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Discussion Starter · #1 ·
Buenos dias everyone.
I'm learning how much I just love building a webserver. :rolleyes:

Ok. I have a business line right now. I plan on going fiber in the next short while when I have the money, but for right now my ISP "COX business" has me on a business 15,000kbps down/2,000kbps up.
Running vadious speed tests on the net get me an average within 20%+/- depending on the location..

The problem is whn someone downloads from my server they are getting 100-300 kbps downloading a file via http. There is no other traffic on my server.
I'll run a test right now.
Using IE7 HTTP, I downloaded 4.22MB in 10sec or 432KB/Sec
Using IE7 FTP , I downloaded 4.22MB in 1sec or 4022KB/Sec
DD tried HTTP from 2000 miles away and got 150-200KB/Sec
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I expected FTP to be faster but not so drasticly faster, and my http transfer is only a small fraction of what I should have.
I called my ISP, and spoke to 2 technicians and a sales rep. They swear there is no cap or filter limiting my speeds. I was hopeing it would be that simple.
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So, does this sound right?
Is it possibly Win Server 2003 needing a tweak, or possibly my network setup allocating bandwidth?
Ahhh// I'm open for ideas please.. :4-dontkno
 

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First, you're mixing Kbps and KBps. They're completely different things. :smile: But I understand what you're getting at. What HTTP server are you running? Do you have any additional modules installed? What are you using for an FTP server? Or are you just downloading from other FTP servers?
 

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Discussion Starter · #3 · (Edited)
lol.. woops.. didn't notice i was doing that.
Running Apache with ApacheTriad
Uses SlimFTP thats packaged with triad.
All runs on MS Server 2003 - nothing else installed.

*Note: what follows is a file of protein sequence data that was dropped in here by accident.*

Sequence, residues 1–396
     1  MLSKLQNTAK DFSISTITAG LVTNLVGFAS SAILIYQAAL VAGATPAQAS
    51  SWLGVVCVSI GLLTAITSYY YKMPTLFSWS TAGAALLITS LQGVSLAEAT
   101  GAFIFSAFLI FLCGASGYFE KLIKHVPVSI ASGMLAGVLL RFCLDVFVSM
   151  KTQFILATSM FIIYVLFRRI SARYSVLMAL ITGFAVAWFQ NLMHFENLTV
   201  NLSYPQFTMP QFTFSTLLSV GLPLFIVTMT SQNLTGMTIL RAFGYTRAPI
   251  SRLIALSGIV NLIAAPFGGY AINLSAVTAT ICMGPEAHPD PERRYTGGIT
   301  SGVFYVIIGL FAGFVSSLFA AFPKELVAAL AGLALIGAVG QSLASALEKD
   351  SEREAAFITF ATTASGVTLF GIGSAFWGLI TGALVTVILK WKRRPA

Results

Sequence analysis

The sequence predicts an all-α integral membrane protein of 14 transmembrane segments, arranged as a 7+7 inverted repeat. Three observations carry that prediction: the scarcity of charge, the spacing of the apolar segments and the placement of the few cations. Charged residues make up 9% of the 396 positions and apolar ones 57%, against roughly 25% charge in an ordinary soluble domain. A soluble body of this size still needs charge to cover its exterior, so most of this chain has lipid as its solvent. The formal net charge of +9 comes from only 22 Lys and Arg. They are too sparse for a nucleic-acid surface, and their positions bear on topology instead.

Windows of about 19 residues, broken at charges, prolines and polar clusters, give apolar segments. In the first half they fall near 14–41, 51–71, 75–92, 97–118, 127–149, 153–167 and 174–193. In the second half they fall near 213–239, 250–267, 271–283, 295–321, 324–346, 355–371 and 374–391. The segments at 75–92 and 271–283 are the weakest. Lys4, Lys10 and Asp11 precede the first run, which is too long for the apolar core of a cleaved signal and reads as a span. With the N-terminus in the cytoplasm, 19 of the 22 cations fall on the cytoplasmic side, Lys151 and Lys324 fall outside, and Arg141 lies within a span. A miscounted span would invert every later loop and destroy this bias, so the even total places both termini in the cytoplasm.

I downloaded from the server using ftp from IE7 and FF just using an ftp address.

Heres my network. Have you ever head of having a "second layer" in your network by using a switch? I have one, never used.

:grin: p.s. You have any experience in Xmail
 

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I didn't bother with SlimFTP, I found BulletProof FTP to be MUCH easier to to setup and use.

My network consists of two routers, but one is working as a hub. I suppose that's close to layering.

I think I broke XMail on my server...
 

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Discussion Starter · #5 ·
What is layering. I've been told that yoru routers will balance your bandwidth to your other devices, and to use another layer to get around this. Ever heard that.
I'm shortly about to give up on Apache Triad, as I just cant get stinking email to work on my system. Fun for today.
:rolleyes: :1angel: :grin: :grin: :grin:
 

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The way you have everything set up, everything looks normal. You might want to check and see if your router has QoS capabilities (Quality of Service). This will allow a certain machine to have primary use of the bandwidth to allow the best possible throughput. Generally, this is used with VOIP and those that want the best pings for gaming.

As far as Xmail, I don't have much experience with Windows based software. I'm primarily a Linux guy.
 

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Discussion Starter · #7 ·
Is there a version of linux I could use instead of 2003 + apachetriad, that bundles and might make this simpler. All these ported programs have crap support and are buggy.
 

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Is there a version of linux I could use instead of 2003 + apachetriad, that bundles and might make this simpler. All these ported programs have crap support and are buggy.
I don't think it'll be any easier. You'll have to either compile Apache/PHP by hand or install via RPM. All configuring is done via text files, but you're probably used to that anyway with Apache on Windows.
 
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